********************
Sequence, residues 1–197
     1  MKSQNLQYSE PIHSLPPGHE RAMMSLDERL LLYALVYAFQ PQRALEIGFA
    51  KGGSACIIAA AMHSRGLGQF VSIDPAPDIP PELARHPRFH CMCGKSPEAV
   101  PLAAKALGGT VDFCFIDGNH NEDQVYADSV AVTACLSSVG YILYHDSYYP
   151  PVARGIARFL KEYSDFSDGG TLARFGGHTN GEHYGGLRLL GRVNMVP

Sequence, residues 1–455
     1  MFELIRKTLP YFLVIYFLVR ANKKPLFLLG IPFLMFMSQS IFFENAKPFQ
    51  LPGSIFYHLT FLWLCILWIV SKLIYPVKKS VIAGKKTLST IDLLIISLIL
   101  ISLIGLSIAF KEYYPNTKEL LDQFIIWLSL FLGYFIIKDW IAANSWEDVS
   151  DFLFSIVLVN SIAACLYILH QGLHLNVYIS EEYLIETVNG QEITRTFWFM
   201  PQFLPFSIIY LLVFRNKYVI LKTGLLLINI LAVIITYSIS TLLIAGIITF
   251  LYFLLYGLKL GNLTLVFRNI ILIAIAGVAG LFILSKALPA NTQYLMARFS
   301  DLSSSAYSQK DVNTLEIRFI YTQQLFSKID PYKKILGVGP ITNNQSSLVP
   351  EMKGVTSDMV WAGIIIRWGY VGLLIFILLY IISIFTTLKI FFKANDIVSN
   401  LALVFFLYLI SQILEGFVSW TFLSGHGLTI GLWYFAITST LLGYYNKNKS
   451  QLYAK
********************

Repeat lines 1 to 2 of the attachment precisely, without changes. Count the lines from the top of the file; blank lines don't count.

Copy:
Sequence, residues 1–197
     1  MKSQNLQYSE PIHSLPPGHE RAMMSLDERL LLYALVYAFQ PQRALEIGFA